Walters’s district, which Clinton won by more than 5 points, has been a top target for national Democrats. The Orange County seat is receiving a groundswell of interest and already has a crowded Democratic primary.
That’s why EMILY’s List is going in early to help push through its female candidates. That’s especially true in California, where a top-two primary runoff system means that two Democrats could compete against each other in a general.
“Women are only 19 percent of Congress, and if we don’t push through these primaries, we do not change these numbers, so we intend to be pretty active in a number of primaries,” Schriock said.
In the wake of Democrats’ four special election defeats in 2017, the party is still searching for a message that goes beyond running as the anti-Trump alternative. The losses have also left Democrats considering the fate of House Minority Leader Nancy Pelosi (Calif.) after Republican special election attacks framed Democratic candidates as tools for Pelosi’s liberal agenda.
Schriock defended Pelosi’s leadership, arguing that voters will cast their ballots on economic issues instead of candidates’ ties to the San Francisco congresswoman.
Schriock said EMILY’s List is advising candidates to stay focused on healthcare as Senate Republicans try to unite their caucus around an ObamaCare repeal that consistently scores low approval ratings with voters.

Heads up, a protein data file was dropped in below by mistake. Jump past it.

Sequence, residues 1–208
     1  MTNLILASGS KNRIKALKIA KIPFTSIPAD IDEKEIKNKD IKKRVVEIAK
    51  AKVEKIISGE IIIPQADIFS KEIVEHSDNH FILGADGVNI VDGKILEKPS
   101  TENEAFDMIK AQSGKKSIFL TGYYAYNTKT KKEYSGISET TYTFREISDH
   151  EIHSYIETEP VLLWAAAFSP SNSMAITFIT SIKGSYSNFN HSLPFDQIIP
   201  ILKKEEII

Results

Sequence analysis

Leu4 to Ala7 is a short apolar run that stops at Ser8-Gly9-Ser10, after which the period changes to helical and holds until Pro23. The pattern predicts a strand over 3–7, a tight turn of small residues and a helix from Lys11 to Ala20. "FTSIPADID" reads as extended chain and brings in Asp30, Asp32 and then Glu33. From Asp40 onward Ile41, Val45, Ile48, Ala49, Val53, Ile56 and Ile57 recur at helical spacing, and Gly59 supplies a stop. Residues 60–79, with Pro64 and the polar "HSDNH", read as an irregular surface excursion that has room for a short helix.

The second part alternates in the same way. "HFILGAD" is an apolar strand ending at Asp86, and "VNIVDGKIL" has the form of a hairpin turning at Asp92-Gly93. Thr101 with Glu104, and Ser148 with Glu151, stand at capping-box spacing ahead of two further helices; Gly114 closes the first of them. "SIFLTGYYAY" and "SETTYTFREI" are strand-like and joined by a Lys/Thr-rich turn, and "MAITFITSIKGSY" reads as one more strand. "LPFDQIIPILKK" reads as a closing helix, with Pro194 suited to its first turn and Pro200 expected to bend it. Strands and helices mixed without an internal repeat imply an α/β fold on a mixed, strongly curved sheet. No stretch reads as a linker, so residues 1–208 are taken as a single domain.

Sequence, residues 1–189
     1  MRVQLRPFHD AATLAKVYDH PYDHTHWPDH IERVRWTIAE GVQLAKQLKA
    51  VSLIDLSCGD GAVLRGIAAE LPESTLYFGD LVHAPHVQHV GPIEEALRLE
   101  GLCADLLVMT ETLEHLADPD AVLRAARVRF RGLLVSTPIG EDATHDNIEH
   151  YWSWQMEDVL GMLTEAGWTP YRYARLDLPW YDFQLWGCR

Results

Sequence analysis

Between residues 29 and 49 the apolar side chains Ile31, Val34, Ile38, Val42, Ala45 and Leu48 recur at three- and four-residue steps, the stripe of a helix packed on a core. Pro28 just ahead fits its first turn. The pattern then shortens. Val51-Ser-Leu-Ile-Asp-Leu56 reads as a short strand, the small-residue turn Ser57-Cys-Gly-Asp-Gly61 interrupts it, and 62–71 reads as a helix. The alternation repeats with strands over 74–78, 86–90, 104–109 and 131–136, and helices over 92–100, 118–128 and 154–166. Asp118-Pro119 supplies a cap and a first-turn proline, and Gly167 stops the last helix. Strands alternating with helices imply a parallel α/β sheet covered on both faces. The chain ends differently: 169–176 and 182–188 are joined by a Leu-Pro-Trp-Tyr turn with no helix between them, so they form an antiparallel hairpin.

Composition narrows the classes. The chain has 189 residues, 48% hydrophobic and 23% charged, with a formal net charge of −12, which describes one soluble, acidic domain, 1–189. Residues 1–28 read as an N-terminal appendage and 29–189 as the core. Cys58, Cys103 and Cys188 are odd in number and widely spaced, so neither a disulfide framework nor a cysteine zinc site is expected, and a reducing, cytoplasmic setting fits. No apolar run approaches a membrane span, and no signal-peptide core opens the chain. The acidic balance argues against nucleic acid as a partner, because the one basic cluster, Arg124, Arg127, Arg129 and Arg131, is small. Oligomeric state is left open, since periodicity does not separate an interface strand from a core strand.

“This healthcare bill is really truly driving the energy on the Democratic side and what I believe will be some depressed voting on the Republican side,” she said. “This is how waves are made.”
EMILY’s List has also been involved in races in the Senate, where Democrats will have to defend 10 seats in states that Trump won. The group endorsed nine senators up for reelection next year.
The group is also eying Democrats’ only two realistic opportunities to flip Senate seats.
Sen. Dean HellerDean Arthur HellerOn The Trail: Democrats plan to hammer Trump on Social Security, Medicare Lobbying World Democrats spend big to put Senate in play MORE (R-Nev.) is considered the most vulnerable GOP senator up for reelection, since he hails from a state that Clinton won. He’s also taken heat from both sides of aisle during the healthcare debate, which has found him stuck between Republican activists eager for an ObamaCare repeal and Nevadans, including the state’s Republican governor, who want to preserve Medicaid funding.
Freshman Rep. Jacky Rosen (D-Nev.), who won a highly contested House race last year, is gearing up for a Senate run against Heller, though she hasn’t officially announced a bid. Fellow Rep. Dina Titus (D-Nev.) is also considering a campaign.
EMILY’s List has yet to endorse either candidate and is taking a “serious look” at the race. The group recruited and endorsed Rosen in her House race last year.
Sen. Jeff FlakeJeffrey (Jeff) Lane FlakeGOP lawmakers stick to Trump amid new criticism Kelly holds double-digit lead over McSally in Arizona: poll Trump asserts his power over Republicans MORE (R-Ariz.) is also considered vulnerable, though he’d likely get a tougher challenge in a primary.